This is yet another internet ‘how to’, but one that I don’t really want you to follow.
The Ten Commandments are on the lips of Moses just after Israel is saved from Egypt (Exodus 20:1-17), and forty years later as they finally get close to entering the land of promise (Deuteronomy 5:1-21). The forty year gap had a lot to do with Israel’s failure to follow the law, especially commandment number two.
Here’s the commandment, from Exodus:
You shall not make for yourself a carved image, or any likeness of anything that is in heaven above, or that is in the earth beneath, or that is in the water under the earth. You shall not bow down to them or serve them, for I the Lord your God am a jealous God, visiting the iniquity of the fathers on the children to the third and the fourth generation of those who hate me, but showing steadfast love to thousands of those who love me and keep my commandments.
It’s a strong warning about idols, false gods, and not competing with the one true God. Through the Old Testament, Israel (very!) slowly seemed to learn this lesson, so they became known for their opposition to idols of all sorts. Paul’s revulsion at Athenian idols (Acts 17:16) shows a pretty standard Jewish reaction to false religion.
The commandment says: don’t worship as God that which is creation, do not honour made things as in any way like their maker.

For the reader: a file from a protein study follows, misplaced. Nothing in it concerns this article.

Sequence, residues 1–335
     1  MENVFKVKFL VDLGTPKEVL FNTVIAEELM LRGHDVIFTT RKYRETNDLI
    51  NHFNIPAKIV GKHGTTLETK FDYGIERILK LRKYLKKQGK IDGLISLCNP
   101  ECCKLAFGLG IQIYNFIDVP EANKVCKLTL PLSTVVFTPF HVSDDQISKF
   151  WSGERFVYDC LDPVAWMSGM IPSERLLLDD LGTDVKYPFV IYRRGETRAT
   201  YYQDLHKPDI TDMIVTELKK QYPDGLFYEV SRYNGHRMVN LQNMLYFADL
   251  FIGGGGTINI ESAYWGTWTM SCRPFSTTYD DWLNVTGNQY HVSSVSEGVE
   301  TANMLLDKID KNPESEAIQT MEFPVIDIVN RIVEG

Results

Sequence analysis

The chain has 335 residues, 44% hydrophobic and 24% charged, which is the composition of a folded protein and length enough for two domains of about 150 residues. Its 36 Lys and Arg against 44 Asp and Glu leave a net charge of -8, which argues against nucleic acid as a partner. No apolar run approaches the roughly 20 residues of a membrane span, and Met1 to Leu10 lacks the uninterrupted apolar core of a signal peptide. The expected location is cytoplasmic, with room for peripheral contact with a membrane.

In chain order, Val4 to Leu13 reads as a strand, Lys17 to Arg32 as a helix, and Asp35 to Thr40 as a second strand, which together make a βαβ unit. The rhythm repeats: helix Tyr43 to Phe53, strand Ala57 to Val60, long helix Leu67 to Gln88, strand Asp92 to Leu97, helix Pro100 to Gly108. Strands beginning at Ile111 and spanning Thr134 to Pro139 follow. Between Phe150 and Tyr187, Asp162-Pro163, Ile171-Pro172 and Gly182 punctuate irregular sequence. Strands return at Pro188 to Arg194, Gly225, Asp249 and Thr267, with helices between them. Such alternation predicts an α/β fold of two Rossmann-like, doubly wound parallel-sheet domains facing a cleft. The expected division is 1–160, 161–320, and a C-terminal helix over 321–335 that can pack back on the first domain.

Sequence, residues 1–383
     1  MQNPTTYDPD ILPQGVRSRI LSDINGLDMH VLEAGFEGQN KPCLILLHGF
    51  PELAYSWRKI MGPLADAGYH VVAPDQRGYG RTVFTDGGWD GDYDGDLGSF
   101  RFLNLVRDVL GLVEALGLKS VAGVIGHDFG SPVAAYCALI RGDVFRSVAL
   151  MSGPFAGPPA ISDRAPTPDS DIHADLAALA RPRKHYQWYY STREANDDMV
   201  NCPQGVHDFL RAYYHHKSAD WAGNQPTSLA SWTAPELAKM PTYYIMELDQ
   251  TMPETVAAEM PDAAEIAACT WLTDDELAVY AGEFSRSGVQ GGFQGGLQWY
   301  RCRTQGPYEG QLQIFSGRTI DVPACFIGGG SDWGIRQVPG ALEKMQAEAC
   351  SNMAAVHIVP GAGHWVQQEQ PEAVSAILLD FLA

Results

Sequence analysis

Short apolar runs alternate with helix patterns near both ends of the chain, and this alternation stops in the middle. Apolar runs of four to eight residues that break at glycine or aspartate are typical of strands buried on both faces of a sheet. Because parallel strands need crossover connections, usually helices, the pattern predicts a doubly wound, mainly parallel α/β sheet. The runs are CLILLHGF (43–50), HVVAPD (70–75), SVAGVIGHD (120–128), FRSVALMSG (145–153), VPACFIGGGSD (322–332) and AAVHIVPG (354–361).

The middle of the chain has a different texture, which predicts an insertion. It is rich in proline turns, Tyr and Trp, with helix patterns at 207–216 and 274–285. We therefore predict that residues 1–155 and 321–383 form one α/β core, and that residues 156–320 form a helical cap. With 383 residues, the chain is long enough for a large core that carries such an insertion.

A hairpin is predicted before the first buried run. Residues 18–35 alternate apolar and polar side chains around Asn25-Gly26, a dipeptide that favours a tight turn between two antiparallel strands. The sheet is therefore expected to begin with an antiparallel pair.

Sadly, Australians fall into this false worship all the time. Here are the two common sayings I hear that prove it:
“The best place to feel close to the divine is in the bush/garden.”
“Music moves me in a way that’s truly spiritual.”
That is: God is in the world; or, God is in a human manipulation of the world. They (metaphorically) bow down to creation, or serve something made out of creation. They are the same as saying, ‘I worship the sun,’ or, ‘Here is the god my silversmith manufactured.’
Christians, of course, should know this error – it’s sin in a most blatant form. But we mess it up all the same.
So often we (ok, yes, it’s me!) make the error of thinking God is more close in a beautiful garden than a city street. Or that the experience of fine music leads us more directly to the experience of the Holy Spirit than the Bible reading in church.
These are terrible errors, sins most awful.
Jesus, victor over death and ascended to God’s right hand, is with his disciples always, to the very end of the age (Matthew 28:20). There was no mention by Jesus of ‘only in sweet gardens’.
I agree that singing and music work better when in tune. But we must remember that songs (any art form) do not mediate God to us. They are human responses directed to the God who is already with us – thanks, praise, honour, rejoicing.
We can be thankful to God for his good gifts to us. But to turn those gifts into ‘God’s presence’ is an assault the second commandment, an attack on God himself.